Driven systems often exhibit striking patterns as they become unstable. For example, when you use too thick of a coat of paint on a wall, it drips down. If you look closely, you will see that these drips are quite regularly spaced; this spacing is set by the relative strength of the stresses acting on the system (gravational vs. surface tension vs. viscosity). Thus, the pattern that emerged in the dripping paint encoded information about the dynamics driving it.
The Driscoll lab is a newly established experimental lab in the Department of Physics and Astronomy at Northwestern University; our research lies at the junction between soft-matter physics and fluid dynamics.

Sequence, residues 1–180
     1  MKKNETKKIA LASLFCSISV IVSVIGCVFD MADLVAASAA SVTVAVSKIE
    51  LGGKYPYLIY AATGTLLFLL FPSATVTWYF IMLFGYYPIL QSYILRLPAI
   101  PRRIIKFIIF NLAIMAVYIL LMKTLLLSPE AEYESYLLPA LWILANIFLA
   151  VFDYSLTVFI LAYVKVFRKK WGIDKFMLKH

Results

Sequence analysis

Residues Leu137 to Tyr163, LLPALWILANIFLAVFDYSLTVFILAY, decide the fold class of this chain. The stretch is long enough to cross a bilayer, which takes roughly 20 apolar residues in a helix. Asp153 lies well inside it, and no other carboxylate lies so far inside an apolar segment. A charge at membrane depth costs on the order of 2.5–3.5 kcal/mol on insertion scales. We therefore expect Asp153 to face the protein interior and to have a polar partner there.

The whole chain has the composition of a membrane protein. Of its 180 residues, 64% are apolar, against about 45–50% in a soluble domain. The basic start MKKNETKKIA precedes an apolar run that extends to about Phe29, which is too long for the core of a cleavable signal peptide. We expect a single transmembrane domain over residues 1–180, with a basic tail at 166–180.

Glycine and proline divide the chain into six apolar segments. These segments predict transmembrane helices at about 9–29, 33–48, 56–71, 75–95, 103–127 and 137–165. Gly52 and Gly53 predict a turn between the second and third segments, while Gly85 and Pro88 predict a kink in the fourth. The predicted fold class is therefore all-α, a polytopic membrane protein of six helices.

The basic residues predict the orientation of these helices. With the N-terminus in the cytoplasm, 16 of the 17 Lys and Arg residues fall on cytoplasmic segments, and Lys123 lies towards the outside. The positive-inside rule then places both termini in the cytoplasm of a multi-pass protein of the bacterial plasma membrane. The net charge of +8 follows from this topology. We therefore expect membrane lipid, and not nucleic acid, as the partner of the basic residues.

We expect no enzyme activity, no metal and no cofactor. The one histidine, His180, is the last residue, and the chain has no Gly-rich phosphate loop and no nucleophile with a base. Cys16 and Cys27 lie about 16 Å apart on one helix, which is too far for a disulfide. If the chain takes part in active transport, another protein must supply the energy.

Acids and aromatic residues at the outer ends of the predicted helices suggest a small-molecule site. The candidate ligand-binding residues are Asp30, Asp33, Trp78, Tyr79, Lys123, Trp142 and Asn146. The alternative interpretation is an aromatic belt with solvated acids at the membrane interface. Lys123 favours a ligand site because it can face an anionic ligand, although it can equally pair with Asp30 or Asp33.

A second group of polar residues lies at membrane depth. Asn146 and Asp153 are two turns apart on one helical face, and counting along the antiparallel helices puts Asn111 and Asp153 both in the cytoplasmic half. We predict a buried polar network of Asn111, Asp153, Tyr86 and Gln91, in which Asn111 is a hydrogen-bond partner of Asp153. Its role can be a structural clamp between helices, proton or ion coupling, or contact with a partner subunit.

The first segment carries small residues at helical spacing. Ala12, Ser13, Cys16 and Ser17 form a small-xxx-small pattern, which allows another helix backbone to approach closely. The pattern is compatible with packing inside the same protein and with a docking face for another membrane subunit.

We focus on trying to understand emergent structures in a variety of soft matter systems, and how to use this structure formation as a new way to probe nonequillibrium systems. By developing a deeper understanding of patterns and structures which emerge dynamically in a driven material, we can learn not only how these structures can be controlled, but also how to use them to connect macroscopic behavior to microscopic properties.
I am part of the Complex Systems/Biophysics group here at Northwestern. The group hosts seminar series on select Thursdays of each month at 2:00 PM in Tech F160.